The Colonial No One Remembers

USC College historian Peter Mancall traces the tale of an enigmatic 16th-century advocate for English expansion.
By Orli Belman
“People make history happen, and Richard Hakluyt was one of those people,” said Mancall, director of the USC-Huntington Early Modern Studies Institute.

Photo/Irene Fertik
Richard Hakluyt may be the most important figure responsible for the English colonization of North America that you’ve never heard of.

Though this contemporary of Shakespeare published even more writings than the Bard himself, the 16th-century travel writer closely guarded details of his own life. Key facts, including the date of his birth and exact site of his grave, remain unknown.

“We don’t know what he looked like. We don’t know where he lived,” said Peter C. Mancall, author of Hakluyt’s Promise: An Elizabethan’s Obsession for an English America (Yale University Press, 2007).

Four hundred years after the founding of Jamestown, Mancall answers many outstanding questions and offers fresh insights about who Hakluyt (pronounced Haklet) was, what shaped his views and how he established himself as the foremost proponent of English expansion, though he himself never ventured farther than Paris.

“People make history happen, and Richard Hakluyt was one of those people,” said Mancall, professor of history at USC College and director of the USC-Huntington Early Modern Studies Institute.

At its core, Mancall said the book is a story of one man’s power to determine the course of a nation. He described how Hakluyt, who was fluent in six languages, became an adviser to the queen and a trusted source on the outside world to the general public.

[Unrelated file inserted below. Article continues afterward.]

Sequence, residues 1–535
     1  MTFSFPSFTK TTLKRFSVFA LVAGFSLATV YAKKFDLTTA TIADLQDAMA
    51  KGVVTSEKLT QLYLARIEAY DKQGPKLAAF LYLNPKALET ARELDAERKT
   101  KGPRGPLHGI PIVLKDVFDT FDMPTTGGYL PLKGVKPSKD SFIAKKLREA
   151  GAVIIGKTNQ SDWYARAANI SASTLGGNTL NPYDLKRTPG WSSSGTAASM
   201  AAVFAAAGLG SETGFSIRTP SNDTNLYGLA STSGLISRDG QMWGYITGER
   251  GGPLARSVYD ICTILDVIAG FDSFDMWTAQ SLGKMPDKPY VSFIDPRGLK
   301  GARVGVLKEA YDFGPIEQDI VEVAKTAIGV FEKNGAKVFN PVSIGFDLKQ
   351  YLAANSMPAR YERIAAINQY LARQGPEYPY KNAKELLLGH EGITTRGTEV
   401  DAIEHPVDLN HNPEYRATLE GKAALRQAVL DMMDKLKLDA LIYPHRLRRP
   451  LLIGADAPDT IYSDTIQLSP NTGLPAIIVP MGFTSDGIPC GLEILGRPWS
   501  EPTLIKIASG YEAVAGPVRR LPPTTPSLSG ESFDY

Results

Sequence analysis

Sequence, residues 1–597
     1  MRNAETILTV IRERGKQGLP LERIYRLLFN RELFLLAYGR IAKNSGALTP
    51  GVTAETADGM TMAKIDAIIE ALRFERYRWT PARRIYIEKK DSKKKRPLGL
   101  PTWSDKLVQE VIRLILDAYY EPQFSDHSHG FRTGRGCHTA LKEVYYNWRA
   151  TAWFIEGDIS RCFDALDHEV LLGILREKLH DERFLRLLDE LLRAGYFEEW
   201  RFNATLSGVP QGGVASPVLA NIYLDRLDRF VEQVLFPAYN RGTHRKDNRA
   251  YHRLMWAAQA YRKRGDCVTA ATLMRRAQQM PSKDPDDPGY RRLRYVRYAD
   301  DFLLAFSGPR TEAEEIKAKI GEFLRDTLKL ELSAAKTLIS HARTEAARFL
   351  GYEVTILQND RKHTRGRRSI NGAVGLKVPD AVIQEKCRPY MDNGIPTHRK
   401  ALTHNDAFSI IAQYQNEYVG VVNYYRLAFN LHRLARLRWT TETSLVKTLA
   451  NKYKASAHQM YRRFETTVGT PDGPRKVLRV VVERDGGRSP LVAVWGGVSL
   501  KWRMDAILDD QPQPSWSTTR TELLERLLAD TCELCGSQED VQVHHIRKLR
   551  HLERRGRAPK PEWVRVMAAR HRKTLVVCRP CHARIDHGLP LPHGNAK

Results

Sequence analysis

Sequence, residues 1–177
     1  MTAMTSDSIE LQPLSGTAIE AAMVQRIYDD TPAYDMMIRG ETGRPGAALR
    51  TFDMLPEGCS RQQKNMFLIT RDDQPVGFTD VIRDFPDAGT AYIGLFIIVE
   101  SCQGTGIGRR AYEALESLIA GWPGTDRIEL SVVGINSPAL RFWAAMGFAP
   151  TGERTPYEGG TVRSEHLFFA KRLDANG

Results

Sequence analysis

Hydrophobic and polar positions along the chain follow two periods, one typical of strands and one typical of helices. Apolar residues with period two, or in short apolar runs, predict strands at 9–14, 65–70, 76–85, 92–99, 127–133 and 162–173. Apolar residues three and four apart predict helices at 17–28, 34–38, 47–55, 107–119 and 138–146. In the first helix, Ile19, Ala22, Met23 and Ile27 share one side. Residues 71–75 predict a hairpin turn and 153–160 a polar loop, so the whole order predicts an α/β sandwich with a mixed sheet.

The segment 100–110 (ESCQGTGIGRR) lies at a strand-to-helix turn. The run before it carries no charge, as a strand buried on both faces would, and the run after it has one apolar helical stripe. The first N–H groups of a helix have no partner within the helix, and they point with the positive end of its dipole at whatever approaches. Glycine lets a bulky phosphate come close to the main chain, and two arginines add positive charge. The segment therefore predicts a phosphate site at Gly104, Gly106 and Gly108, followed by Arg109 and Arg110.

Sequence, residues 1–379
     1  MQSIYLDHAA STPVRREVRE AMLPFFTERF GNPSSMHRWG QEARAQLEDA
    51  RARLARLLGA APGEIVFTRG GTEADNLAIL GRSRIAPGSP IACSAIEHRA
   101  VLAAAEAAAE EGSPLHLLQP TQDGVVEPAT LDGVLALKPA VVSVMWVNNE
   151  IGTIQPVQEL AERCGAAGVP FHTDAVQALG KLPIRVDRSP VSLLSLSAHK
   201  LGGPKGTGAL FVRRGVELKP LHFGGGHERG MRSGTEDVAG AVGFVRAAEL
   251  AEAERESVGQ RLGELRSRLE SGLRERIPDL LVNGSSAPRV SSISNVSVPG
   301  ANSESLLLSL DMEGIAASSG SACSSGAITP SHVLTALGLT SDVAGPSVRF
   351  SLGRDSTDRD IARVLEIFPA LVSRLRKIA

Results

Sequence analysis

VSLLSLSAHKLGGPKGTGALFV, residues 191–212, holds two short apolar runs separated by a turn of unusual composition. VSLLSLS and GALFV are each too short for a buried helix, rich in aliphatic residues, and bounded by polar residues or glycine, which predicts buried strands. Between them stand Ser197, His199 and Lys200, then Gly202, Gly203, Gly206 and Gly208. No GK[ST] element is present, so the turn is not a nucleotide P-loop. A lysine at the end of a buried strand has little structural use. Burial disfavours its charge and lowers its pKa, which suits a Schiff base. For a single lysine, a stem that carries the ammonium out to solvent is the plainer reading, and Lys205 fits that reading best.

“He was the early modern equivalent of a scientist,” Mancall said. “He was almost single-minded in his passion for advancing knowledge and information.”

With Hakluyt’s influence over policy makers, his insistence that the English settle foreign lands and his inherent faith that the New World could be a Protestant Holy Land, Mancall credited him with laying the groundwork for the rise of the British Empire.

Mancall, whose previous books include Deadly Medicine: Indians and Alcohol in Early America, pays tribute to Hakluyt’s travel writing legacy by taking readers on a vivid tour of the colonial’s world, weaving together details of his life and times.

The book recreates the sights and smells of Elizabethan England, from the odors of decaying carcasses hanging over the Thames to the flickering lights emitted from candles used for illuminating dark London days. It also includes maps and illustrations that have never been published before.

Mancall was motivated to write this biography after coming across Hakluyt’s writings while researching his 1995 book Envisioning America: English Plans for the Colonization of North America.

“The English had a desire to spread Christianity, a desire to extract resources and a desire to have more land,” Mancall said. “But big forces need someone to tie them together and Richard Hakluyt was that person. He turned ideas into actions that shaped our world as we know it.”